E-Courts In India (2009)

E-Courts in India is a much needed initiative. It has, however, always remained an unfulfilled dream. The reason being that there is a dearth of Techno-Legal expertise in India and e-courts cannot be established in India till we have that expertise.

In a welcome step, the Delhi High Court has decided to establish the first e-court of India. The same would be operational by December 8, 2009 in the court of Justice S Ravindra Bhat.

It intends to provide SMS alerts about court hearings to advocates and litigants, summons sent through emails, e-stamps instead of stamp paper, recording of evidence through video-conferencing, virtual tour of court premises, etc.

Being in the initial phase, other crucial aspects of e-courts would be taken up in the due course of time.

Praveen Dalal, Managing Partner of Perry4Law and the leading Techno-Legal Expert of India has welcomed this step of Delhi High Court. He maintains that this was the most needed action on the part of Indian Judiciary to bring speedier justice at the doorsteps of the litigants.

He, however, said that establishment of e-court would require tremendous domain specific techno-legal expertise and in the absence of the same e-courts project is bound to fail.

Only time would tell whether this initiative of Delhi High Court would ultimately succeed or it would prove to be just another press release without actual e-court capabilities.

The moment e-filing, presentation, contest and adjudication of the cases would start, India would surely be capable of establishing e-courts. In the absence of these capabilities, we have to wait for few more years to get speedier justice in India.

Source: Ground Report.

Online Legal Case Management System (OLCMS) Of Perry4Law Organisation (P4LO) (2014)

India has adopted the technology driven projects like Digital India and Internet of Things (IoT) (PDF). The aim of these projects is to use technology for providing better government services to citizens and residents of India. Areas like Healthcare, Education, Judicial services etc would be covered by these projects.

As far as Judicial services are concerned, India is already working in the direction of establishment of e-courts in India. However, till the month of December 2014 we are still waiting for the establishment of first e-court of India. Similarly, use of online dispute resolution (ODR) in India is also missing as on date.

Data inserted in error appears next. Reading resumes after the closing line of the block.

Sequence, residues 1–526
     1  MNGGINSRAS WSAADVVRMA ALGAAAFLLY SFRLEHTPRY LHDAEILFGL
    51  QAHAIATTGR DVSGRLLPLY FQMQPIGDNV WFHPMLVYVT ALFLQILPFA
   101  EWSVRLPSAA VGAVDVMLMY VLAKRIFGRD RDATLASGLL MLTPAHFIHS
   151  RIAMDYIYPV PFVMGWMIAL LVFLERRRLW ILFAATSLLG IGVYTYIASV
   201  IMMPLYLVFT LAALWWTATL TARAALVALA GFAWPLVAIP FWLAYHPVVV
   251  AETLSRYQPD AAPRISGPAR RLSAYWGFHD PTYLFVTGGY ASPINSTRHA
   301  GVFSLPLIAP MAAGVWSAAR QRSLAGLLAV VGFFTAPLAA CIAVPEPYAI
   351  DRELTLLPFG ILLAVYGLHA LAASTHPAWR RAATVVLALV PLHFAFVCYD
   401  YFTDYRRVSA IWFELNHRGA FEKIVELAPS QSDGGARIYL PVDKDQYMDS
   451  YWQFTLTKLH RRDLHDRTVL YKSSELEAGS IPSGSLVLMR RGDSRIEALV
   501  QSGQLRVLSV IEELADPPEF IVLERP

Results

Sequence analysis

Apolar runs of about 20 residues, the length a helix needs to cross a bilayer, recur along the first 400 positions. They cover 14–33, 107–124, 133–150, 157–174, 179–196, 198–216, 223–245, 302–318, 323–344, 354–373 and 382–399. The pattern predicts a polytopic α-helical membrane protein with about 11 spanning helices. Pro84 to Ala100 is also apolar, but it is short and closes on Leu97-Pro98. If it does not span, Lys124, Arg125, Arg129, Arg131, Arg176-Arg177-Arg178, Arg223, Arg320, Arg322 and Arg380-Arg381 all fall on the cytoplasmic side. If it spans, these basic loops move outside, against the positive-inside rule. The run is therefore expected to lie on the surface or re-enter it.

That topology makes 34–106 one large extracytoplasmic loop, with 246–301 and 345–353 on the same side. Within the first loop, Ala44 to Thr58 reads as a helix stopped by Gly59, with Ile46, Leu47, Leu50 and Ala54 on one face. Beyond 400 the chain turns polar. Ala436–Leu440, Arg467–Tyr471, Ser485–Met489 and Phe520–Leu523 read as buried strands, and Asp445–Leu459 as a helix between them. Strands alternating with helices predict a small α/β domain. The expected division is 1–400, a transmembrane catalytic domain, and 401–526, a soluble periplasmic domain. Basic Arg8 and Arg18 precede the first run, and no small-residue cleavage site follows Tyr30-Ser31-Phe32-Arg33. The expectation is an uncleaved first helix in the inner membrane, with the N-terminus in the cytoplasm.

Perry4Law Organisation and its techno legal segments like Perry4Law’s Techno Legal Base (PTLB), Perry4Law Techno Legal ICT Training Centre (PTLITC) and Perry4Law Law Firm have been managing many techno legal initiatives. These include establishment and maintenance of full fledged e-courts and ODR systems and their corresponding online skills development and training requirements.

We have taken our initiative at the next level of development and implementation. For instance, we have been experimenting with the open source tools and software in the fields of e-courts and ODR. We have launched a discussion forum titled Online Dispute Resolution Mechanism (ODRM) of Perry4Law Organisation (P4LO) that would act as an information and participation portal for ODR purposes in India and abroad. Similarly, an Online Case Management System (OCMS) of Perry4Law Organisation (P4LO) has also been explored to see possibilities in the ODR field.

Regarding e-courts as well we have launched an initiative titled Online Legal Case Management System (OLCMS) of Perry4Law Organisation (P4LO). It is intended to be a world scale project that would cater the needs and requirements of both national and international stakeholders. OLCMS of P4LO for E-Courts in India and worldwide is also unique in the sense that it is first techno legal initiative of its type in India and worldwide.

OLCMS of P4LO for E-Courts is not the end product but is the starting point of a much larger techno legal initiative in the field of global e-courts services by Perry4Law Organisation. We intend to use our e-courts projects to ensure access to justice for marginalised people in India and other jurisdictions. Dedicated websites have been launched by us to use E-Courts 4 Justice (EC4J) at global scale. Interested stakeholders can know more about us at various social media platforms like EC4J.

We would come up with more details about the EC4J and OLCMS projects of Perry4Law Organisation in our subsequent post. Please bookmark this blog for updates in this regard if you are interested in these projects of P4LO.

Source: OLCMS.

ICT Trends in India 2006 By Praveen Dalal (2006)

In furtherance of our “Corporate Social Responsibility” the Law Firm Perry4Law would provide a regular and annual analysis of Information and Communication Technology (ICT) trends in India. The Law Firm Perry4Law is the First and Exclusive Techno-Legal Firm in India and is managing Perry4Law’s Techno-Legal Base TM/SM * (PTLB TM/SM*) and ICT HELPDESK TM/SM*. PTLB TM/SM* and ICT HELPDESK TM/SM* are coordinating and collaborating International and National initiatives that primarily rely upon ICT for their successful operation and existence. PTLB TM/SM* will provide service pertaining to Cyber Law, Cyber Forensics Cyber Security, Techno-Legal E-learning Services, Due Diligence Compliance Audit, E-commerce, E-governance, ADR and ODR, IPRs, International Trade etc. This is the first trend analysis of Perry4Law.